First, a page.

Indeed, the best way to efficiently implement mentally healthy workplace practices quickly is to understand the concerns of your workers then stand up the initiatives that encourage and promote their resilience.
Certain digital technologies that already fit within your safety management solution are well positioned to help. We recommend finding such a platform, with tools for all levels of the business that securely stores personnel information or easily imports it from an existing HR solution.
That’s not all. When it comes to helping you recognise and manage workplace-related psychosocial risks, these solutions generate better situational awareness of the current events impacting personnel, so that you can respond in real time. The solutions also conduct welfare checks at scale, quickly triaging responses and pushing surveys to personnel to understand how they are coping before, during and after traumatic events, thereby potentially limiting exposure.
While situational awareness is great, taking suitable action is just as important. These digital solutions help, here, too. They broadcast timely communications to distributed personnel, enable requests for mental health and wellbeing support, and direct personnel to support programs and relevant information.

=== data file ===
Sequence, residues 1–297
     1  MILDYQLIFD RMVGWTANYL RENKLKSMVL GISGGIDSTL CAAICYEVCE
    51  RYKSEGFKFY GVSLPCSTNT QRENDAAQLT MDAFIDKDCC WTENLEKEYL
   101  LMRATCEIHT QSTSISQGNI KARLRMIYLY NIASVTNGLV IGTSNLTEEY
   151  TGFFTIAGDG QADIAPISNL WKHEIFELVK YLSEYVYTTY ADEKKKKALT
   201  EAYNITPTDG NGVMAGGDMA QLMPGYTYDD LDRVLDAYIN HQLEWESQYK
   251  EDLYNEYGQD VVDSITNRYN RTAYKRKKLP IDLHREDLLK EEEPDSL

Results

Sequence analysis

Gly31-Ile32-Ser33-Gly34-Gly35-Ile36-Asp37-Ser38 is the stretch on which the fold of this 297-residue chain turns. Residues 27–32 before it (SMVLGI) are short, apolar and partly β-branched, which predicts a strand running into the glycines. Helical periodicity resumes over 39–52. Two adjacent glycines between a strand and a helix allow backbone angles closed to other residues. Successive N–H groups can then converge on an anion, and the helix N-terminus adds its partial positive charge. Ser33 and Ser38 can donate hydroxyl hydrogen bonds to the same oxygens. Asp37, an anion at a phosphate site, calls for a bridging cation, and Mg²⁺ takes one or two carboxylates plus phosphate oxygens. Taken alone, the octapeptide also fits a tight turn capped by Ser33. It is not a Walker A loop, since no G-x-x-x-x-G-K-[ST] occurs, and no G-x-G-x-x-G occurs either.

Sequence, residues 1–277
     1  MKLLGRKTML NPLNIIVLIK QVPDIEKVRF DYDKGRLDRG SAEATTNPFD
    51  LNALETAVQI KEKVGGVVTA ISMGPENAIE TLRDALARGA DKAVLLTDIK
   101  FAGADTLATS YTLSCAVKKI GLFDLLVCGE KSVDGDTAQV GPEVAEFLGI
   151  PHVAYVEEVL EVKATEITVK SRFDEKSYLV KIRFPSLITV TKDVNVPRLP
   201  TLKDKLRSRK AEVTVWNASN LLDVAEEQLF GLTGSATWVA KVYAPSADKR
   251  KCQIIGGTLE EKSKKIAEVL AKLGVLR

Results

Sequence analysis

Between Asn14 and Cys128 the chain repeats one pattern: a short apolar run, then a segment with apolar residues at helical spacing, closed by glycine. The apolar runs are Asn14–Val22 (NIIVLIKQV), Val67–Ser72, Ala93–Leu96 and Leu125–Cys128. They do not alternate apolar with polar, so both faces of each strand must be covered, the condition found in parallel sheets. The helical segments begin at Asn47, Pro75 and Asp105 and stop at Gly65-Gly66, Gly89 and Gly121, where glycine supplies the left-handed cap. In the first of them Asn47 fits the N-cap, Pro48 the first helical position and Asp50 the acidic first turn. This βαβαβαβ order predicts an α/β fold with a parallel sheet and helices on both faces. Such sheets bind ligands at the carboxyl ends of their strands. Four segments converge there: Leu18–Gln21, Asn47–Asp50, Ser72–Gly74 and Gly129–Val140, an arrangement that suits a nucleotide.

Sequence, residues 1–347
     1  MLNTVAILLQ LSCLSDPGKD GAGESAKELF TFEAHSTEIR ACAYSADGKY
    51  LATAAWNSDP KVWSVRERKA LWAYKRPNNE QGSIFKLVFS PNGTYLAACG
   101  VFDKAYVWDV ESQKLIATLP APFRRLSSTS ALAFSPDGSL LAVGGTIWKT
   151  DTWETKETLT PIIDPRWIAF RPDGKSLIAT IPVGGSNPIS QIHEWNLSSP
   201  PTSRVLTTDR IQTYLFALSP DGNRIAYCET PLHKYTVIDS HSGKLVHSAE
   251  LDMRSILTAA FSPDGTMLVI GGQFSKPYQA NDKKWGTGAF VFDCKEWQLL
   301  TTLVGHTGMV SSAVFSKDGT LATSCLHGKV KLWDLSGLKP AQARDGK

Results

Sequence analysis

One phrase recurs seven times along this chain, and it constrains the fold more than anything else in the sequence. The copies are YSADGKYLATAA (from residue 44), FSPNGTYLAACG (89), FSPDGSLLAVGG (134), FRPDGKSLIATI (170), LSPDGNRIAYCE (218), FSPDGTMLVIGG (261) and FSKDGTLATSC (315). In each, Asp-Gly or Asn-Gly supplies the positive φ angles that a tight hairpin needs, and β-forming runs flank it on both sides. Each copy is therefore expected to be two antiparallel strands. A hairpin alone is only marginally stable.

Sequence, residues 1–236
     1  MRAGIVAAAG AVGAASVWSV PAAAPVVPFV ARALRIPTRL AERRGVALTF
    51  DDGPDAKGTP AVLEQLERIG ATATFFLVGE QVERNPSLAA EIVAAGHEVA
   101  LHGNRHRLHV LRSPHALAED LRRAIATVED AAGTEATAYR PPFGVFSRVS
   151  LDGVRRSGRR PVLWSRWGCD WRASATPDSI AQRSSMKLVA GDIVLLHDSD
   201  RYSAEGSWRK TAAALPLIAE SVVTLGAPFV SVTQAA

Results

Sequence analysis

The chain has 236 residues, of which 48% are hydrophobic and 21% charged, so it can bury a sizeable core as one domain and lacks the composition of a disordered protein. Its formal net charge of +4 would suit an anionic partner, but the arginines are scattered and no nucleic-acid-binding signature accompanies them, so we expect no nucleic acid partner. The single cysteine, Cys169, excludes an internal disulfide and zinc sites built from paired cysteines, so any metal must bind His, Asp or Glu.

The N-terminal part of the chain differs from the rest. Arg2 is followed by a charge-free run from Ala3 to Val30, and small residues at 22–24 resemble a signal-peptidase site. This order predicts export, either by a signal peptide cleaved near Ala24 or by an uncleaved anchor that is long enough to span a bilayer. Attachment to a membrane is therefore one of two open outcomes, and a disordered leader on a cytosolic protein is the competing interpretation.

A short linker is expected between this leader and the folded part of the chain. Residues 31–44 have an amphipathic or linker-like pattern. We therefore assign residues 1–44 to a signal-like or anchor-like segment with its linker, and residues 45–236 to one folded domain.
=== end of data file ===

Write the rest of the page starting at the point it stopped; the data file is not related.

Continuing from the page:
What’s more, new practices are coming out of the wellbeing space daily. The resilient workplaces of today will have different attributes than those of tomorrow.
These wellbeing solutions provide the requisite scalability and flexibility: out-of-the-box best-practice templates enabling organisations to immediately launch initiatives meeting employees’ modern workplace needs, such as work-for-home ergonomic assessments, end-to-end COVID-19 vaccination management, and wellbeing reporting.
The ability to easily configure these solutions also lets you customise initiatives to your evolving requirements, while having a constant stream of updated best-practice content at your disposal to keep your wellbeing program at the cutting edge.
As mental health concerns come into increased focus, employers need to act with urgency to get into compliance with their duty of care obligations to eliminate psychosocial hazards. However, achieving compliance doesn’t have to be belaboured. Investing in flexible wellbeing technology will help employers not only cut down their time to compliance but also recoup the business benefits of running mentally healthy workplaces, such as higher productivity, lower costs, and increased professional development among workers.
About the Author: James Boddam-Whetham is the CEO of Noggin, an integrated security, safety, crisis & emergency management, and business continuity software provider. Noggin provides dedicated software solutions that help businesses comply with protective security obligations (PSOs) and the Australian Security of Critical Infrastructure Act.